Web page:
I wrote this article on Halloween 2015. The question I ask is still bugging me. I think we are getting more and more research that our kids raised on selfies and Facebook are NOT doing better than earlier generations.
I have a question for you. This is something I’ve been thinking about for awhile. What do will be the long-term effects on our kids for us posting everything they do on Facebook? I’m not pointing fingers, because yes, I’m guilty of this myself.
Do you remember when once a year your relatives and close family friends would come over and the slide projector and screen would come out? Or, when you sat with a bowl of popcorn on the carpet with the cousins at your grandparents house, bored watching old slides or home movies of your parents? I took a lot of photos of my kids when they were babies and toddlers. I took less and less as they got older until our phones got combined with our iPhones. Now, I’m guilty of taking photos whenever I get the chance. And posting them on FB.
I didn’t have FB when my kids were young. We barely had internet. We had a modem that I used to send files to a printer. There was no way to share every minute detail and selfie of our day. Instead, I took my film downtown to the photo shop and got double prints made. Then I wrote a card or letter by hand to my mom or dad and inserted the photos and mailed them the old fashioned way.
My fear is that we are raising kids who think they are more self-important than they really are. Their every move is recorded and shared with the world. Maybe they’ll be confused and want to share as much about their lives as a Kardashian. As they grow older and have their own Instagram, Snapchat, etc. will they try harder and harder to get noticed? Will the photos get more outrageous and provocative? Look at me???? I’ve seen plenty examples of that outcome with my kids’ friends.
I’ve been reading articles about this phenomenon. Here’s a related article I wrote on whether or not our kids get too much glory. Following are some excerpts and links from CNN and US News. Some report skyrocketing anxiety and depression as a result of too much social media.
“The 2014 National College Health Assessment, a survey of nearly 80,000 college students throughout the United States, found that 54% of students reported experiencing overwhelming anxiety in the past 12 months and that 32.6% “felt so depressed that it was difficult to function” during the same period. The study also found that 6.4% had “intentionally, cut, burned, bruised or otherwise injured” themselves, that 8.1% had seriously considered suicide and that 1.3% had attempted suicide.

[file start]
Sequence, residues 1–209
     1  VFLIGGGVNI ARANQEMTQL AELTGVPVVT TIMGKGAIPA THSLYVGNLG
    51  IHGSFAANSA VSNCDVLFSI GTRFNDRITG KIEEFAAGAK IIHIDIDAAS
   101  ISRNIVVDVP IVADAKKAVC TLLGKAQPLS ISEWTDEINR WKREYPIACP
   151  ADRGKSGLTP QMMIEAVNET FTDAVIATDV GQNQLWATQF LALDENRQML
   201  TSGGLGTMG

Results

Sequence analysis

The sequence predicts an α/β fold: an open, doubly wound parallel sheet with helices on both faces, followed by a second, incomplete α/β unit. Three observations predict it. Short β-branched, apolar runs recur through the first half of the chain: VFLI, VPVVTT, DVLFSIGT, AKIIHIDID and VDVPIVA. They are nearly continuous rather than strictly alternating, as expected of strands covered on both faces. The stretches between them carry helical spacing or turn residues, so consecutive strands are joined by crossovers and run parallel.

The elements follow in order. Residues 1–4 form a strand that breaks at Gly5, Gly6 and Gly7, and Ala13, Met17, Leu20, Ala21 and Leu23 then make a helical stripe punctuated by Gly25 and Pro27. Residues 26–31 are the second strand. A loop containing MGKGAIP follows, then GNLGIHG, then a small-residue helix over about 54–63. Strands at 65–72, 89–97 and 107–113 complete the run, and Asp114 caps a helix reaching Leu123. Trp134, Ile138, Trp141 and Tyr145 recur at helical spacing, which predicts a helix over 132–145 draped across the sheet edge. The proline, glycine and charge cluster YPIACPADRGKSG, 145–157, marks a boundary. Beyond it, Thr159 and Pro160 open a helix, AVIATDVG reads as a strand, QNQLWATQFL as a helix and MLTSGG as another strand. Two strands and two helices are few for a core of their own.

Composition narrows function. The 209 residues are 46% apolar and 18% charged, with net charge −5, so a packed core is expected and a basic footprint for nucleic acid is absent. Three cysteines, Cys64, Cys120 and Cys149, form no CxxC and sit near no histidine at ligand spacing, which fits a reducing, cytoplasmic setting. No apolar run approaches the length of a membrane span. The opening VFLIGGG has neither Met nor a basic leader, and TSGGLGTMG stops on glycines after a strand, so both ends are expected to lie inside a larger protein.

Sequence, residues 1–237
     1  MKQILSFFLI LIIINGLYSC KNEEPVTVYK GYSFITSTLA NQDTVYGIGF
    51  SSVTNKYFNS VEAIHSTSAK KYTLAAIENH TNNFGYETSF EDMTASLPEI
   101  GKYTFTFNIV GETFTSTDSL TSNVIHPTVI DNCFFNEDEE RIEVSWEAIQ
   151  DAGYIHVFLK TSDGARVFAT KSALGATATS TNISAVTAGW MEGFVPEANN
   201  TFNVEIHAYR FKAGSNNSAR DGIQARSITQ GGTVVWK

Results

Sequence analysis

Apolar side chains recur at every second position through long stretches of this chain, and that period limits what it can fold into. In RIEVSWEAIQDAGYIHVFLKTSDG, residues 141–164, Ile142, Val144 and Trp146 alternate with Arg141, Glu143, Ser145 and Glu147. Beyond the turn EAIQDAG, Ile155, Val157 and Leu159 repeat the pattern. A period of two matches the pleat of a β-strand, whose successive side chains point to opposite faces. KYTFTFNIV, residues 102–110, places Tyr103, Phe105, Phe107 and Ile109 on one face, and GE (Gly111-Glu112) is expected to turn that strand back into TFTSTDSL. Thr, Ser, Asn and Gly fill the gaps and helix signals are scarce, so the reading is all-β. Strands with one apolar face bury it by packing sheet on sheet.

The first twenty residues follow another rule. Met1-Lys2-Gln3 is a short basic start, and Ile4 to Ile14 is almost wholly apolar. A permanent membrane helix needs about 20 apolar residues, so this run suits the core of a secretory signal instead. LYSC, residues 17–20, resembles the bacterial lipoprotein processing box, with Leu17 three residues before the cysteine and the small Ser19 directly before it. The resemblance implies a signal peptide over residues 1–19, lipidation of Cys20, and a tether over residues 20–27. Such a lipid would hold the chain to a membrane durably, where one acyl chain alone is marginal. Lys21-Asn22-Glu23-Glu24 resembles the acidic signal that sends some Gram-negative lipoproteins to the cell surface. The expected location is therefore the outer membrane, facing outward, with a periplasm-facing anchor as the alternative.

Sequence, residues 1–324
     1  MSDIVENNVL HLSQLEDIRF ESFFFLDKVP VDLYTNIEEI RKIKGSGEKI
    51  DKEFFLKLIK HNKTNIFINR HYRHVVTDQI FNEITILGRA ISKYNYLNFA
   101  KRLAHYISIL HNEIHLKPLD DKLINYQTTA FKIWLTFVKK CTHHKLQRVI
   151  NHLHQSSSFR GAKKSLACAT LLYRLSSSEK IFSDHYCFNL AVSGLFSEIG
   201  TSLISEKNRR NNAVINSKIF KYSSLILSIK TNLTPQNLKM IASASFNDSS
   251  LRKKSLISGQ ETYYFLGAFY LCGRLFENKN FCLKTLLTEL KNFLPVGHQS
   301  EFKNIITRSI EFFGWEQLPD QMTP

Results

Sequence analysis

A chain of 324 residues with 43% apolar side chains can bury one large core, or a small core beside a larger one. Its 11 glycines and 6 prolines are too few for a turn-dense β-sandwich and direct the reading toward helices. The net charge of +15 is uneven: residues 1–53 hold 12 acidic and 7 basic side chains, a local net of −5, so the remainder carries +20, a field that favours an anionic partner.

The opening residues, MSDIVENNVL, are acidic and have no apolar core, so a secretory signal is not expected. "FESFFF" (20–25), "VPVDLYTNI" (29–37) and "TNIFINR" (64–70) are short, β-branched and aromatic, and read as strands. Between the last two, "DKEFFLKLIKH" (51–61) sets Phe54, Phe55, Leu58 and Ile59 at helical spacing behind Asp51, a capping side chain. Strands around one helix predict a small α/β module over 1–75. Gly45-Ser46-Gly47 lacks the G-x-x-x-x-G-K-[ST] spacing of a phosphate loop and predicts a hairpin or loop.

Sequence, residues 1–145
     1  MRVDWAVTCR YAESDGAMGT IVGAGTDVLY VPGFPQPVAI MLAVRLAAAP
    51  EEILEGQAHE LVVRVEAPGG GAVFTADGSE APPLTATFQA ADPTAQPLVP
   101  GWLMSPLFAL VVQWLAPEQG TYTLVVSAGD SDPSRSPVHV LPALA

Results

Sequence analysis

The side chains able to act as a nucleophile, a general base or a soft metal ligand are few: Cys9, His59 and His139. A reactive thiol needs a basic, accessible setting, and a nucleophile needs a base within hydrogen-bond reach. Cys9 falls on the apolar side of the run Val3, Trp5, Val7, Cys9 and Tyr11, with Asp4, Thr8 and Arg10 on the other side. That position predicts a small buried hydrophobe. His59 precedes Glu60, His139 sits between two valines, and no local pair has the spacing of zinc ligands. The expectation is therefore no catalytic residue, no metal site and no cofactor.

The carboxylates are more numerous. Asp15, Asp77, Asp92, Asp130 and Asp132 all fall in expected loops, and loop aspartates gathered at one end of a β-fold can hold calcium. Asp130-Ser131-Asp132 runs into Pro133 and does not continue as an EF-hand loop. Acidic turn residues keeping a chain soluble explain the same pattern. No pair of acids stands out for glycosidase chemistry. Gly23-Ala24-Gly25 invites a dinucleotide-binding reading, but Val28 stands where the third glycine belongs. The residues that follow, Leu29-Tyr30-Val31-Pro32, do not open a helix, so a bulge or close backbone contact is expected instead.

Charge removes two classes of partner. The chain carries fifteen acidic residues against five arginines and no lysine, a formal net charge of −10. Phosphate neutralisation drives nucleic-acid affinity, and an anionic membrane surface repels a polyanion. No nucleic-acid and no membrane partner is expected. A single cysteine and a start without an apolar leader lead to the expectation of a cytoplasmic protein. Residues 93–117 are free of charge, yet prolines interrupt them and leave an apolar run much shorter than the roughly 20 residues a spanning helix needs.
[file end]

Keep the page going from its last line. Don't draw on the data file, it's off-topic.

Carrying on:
Ease up on the pressure. Do we really have to be noticed all the time? Does every second have to be a beauty contest? Our kids need to stop feeling that they have to outperform their peers every minute of every day. They need to know that they don’t have to market themselves constantly, and that social media can be a mechanism for fostering collaborative relationships — not a medium for fueling competition, aggression and irresponsible behavior that contributes to anxiety and depression.” More from CNN here.
Here’s another article with an interesting point of view on selfies and a teen’s self worth. Read more from US News here.
“Social media use can turn into a problem when a teen’s sense of self worth relies on peer approval, Proost says. Whether they’re posting from the football game bleachers or on a family vacation, teens can access social media anywhere and at all times. And because of the constant connection, it can be dangerous for young people overly concerned with others’ opinions. They may feel like they can never escape the social environment and are constantly faced with peer pressure.
“The mental health outcomes that we’re starting to look at now are things like body dysmorphic disorder, obsessive compulsive disorder, depression and anxiety,” Proost says. “We are starting to see those things creep up and be related conditions to excessive [social media] use.”
If we know an overuse of social media can be fun, but also have consequences that negatively impact our children—why are we leading and feeding them down this road?
Don’t get me wrong. I love FB and Instagram. I LOVE that I’ve reconnected with friends and family and get to share in their lives. I say to keep an eye out for when it gets out of hand.
What are your thoughts on a generation of kids whose every move has been recorded and shared? What do you think the negative consequences will be?